Hell is one of those doctrines which most people don’t want to think about. In our age of seeker-sensitive services we focus on the positives and so preachers tend to avoid topics like Hell.
It’s unpleasant to think about what might happen to our unsaved relatives, so we try to put the eternal torment of souls out of our minds.
Of all the doctrines which have been comprehensively debated and looked at in the context of the Bible, the fate of those who die without Christ has been ignored. We have just taken at face value the Medieval imagery of the fired of hell tormenting people eternally.
The Biblical references to Gehenna can be interpreted differently, and increasingly evangelical Bible scholars are suggesting that the traditional picture bears very little resemblance to what Jesus and Paul actually taught. They say that the “everlasting fire” does not necessarily mean that people are continually tormented by fire for ever, but rather the language is about total irreversible destruction- what John calls the “second death.”
There is no denial of judgement implied here nor of people receiving due punishment for their unrepented sin.
At the heart of the traditional view is the idea of the immortality of the soul, that is the classical Greek idea that once created humans live for ever, and not even God can kill them. Those who refuse to embrace the love of God have to be parked somewhere for eternity and pay for their ongoing rebellion against God.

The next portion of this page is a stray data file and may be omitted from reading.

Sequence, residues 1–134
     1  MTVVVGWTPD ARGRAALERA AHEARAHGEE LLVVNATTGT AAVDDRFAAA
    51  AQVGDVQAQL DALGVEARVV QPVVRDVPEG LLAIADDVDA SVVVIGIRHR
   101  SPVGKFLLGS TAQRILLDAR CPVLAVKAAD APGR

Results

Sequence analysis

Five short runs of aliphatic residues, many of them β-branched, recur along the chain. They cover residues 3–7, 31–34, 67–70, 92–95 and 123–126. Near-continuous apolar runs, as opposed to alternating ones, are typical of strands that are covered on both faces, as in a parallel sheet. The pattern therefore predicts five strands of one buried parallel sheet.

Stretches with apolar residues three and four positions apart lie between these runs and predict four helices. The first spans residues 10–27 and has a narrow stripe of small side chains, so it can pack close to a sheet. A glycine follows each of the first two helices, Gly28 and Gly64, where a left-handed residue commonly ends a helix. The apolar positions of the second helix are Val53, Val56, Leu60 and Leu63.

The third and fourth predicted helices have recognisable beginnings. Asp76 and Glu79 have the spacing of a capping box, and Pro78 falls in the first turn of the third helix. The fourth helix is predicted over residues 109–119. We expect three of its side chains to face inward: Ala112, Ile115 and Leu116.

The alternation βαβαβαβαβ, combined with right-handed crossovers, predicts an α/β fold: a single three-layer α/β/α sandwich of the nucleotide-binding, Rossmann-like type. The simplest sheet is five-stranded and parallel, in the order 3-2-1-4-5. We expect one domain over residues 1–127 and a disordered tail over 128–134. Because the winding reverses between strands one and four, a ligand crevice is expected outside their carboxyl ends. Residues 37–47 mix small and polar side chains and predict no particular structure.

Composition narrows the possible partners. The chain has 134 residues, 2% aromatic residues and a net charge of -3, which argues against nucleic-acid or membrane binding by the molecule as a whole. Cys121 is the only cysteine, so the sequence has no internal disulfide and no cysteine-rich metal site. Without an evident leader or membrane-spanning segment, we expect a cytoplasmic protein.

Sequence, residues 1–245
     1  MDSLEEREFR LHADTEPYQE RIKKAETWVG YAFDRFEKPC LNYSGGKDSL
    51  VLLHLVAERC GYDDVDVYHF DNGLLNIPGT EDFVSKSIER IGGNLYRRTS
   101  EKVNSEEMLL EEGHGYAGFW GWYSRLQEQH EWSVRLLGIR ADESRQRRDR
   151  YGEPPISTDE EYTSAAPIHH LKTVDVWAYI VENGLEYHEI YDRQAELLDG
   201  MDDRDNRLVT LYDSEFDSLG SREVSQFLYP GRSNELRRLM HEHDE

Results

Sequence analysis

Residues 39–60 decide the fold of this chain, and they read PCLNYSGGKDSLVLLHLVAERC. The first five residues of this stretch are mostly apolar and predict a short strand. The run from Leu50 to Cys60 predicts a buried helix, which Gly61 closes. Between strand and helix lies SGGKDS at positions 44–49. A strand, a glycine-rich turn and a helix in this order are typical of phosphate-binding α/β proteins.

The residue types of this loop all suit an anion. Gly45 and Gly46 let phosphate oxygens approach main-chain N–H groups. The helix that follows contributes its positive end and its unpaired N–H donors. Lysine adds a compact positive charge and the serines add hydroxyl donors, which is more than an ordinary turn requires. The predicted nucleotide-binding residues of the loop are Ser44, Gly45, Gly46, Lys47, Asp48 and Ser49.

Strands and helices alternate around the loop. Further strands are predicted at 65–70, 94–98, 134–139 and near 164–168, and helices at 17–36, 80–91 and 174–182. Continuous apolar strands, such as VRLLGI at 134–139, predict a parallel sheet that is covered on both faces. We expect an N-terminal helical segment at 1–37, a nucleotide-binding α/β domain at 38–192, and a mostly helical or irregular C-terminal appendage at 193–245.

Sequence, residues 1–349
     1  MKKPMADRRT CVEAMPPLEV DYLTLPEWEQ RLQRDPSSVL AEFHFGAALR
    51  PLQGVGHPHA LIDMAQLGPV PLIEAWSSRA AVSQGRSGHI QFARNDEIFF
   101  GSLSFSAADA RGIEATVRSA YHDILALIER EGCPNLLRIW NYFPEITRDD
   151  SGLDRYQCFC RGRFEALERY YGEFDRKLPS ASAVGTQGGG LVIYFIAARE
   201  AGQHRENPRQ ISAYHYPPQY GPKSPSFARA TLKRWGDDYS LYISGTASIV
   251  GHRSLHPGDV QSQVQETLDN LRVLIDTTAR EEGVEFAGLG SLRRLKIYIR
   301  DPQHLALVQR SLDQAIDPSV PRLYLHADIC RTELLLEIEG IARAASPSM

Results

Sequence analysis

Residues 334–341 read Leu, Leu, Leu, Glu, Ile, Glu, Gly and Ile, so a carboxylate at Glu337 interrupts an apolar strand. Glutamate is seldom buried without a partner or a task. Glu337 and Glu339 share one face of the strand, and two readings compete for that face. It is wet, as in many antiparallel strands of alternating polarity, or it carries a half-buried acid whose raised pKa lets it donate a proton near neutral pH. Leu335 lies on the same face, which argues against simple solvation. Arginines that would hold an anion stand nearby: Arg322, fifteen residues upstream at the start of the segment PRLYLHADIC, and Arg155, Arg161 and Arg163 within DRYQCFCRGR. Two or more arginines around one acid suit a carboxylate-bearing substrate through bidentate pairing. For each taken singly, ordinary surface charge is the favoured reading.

Opposed to this view, the New Testament seems to teach that only God by nature is immortal and humans receive eternal life by the grace of God. Immortality is therefore conditional on God’s grace. The overwhelming imagery when talking about punishment in the New Testament is death not torment.
“Rethinking Hell” is a collection of essays by scholars of impeccable evangelical pedigree. They argue their respective points of view from the teaching of Scripture, and the totality covers the topic from every conceivable angle.
The book has prompted me to look more seriously at what the Bible( rather than tradition) teaches about the judgement of God and the end of times.